After you left the Johnson Administration, why didn’t you speak out against the Vietnam War?
I’m not going to say any more than I have. These are the kinds of questions that get me in trouble…. A lot of people misunderstand the war, misunderstand me. A lot of people think I’m a son of a bitch.
Do you feel in any way responsible for the war? Do you feel guilty?
I don’t want to go any further with this discussion.
Errol Morris’s new film, The Fog of War, a documentary about the career and character of Robert McNamara, fascinates on many levels. It is a study of a man in selective states of denial, a man who one minute calls himself a “war criminal”–though not for the usual reasons–and the next compares himself to a Quaker who burns himself to death protesting the very war that he was planning and directing. Morris, whose patented invention, the Interrotron, turns a merciless camera’s eye on its topic by all but forcing his subject to look straight on at the camera at all times, told me he chose McNamara as a subject for this innovative documentary because “more than anyone else, he embodies the twentieth century.” And what a horrible century it was.
McNamara places his first memory as Armistice Day, 1918, when he was just 2. It’s hard to know whether to believe him, however, because he is both a pathological liar and a comically pathetic braggart. During the course of The Fog of War, we hear the 85-year-old man bragging about his grades in grammar school, his Phi Beta Kappa standing in college, his brilliant record in graduate school and his enormous salary as president of the Ford Motor Company. To his credit, McNamara does not blanch from the record when Morris confronts him with unearthed documents relating to his role in Curtis LeMay’s firebombing campaign against Japan. He says: “If we’d lost the war, we’d all have been prosecuted as war criminals…. He and, I’d say, I were behaving as war criminals.”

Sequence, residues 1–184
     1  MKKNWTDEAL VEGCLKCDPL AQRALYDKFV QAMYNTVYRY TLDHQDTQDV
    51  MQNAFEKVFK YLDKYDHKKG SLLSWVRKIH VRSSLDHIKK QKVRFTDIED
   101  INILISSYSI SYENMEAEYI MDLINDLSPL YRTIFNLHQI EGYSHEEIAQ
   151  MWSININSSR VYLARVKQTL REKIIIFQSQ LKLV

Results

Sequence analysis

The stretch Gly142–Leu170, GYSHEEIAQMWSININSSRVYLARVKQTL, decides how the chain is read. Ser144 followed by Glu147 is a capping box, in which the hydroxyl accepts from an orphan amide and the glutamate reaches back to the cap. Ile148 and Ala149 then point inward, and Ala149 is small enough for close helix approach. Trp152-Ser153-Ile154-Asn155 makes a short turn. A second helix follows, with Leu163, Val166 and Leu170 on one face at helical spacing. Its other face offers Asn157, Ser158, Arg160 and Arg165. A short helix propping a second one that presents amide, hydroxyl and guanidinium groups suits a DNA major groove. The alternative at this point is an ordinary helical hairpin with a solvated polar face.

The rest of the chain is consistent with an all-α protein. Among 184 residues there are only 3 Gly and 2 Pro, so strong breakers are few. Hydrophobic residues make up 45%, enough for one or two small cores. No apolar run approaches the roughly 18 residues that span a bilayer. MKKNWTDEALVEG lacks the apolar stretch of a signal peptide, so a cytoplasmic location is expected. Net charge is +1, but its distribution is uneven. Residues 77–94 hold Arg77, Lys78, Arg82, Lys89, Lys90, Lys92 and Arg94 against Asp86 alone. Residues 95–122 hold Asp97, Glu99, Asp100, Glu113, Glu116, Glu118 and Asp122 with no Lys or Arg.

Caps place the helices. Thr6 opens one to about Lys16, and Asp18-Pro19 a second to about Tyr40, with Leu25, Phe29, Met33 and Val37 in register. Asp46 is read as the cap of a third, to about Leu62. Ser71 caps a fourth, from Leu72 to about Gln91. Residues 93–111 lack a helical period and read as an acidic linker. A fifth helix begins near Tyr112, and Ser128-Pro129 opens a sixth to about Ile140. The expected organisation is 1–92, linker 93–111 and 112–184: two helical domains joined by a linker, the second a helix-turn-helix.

But much of McNamara’s testimony to Morris consists of legalistic rationalizations and whitewashing of history–and while Morris asks the right questions, he too frequently lets McNamara elide and abuse the truth. For instance, McNamara gives every impression in this interview of having advised John Kennedy on how to save the world during the Cuban missile crisis. But in fact, he frequently changed his mind throughout the crisis, arguing against the (secret) missile trade that Kennedy eventually made to end the crisis peacefully. He even advocated a plan calling for 500 daily conventional bombing sorties of the Soviet missile sites and air bases for seven days, followed by an invasion of Cuba. He did so despite the fact that, as he admitted in the meetings of Kennedy’s ExComm, “a missile is a missile. It makes no great difference whether you are killed by a missile fired from the Soviet Union or from Cuba.” To McNamara, who consistently resisted Kennedy’s arguments for compromise, this fateful step in which millions would likely die was necessary not because the missiles represented a “military problem” but rather because they were “a domestic political problem” owing to the President’s recklessly tough talk about Cuba.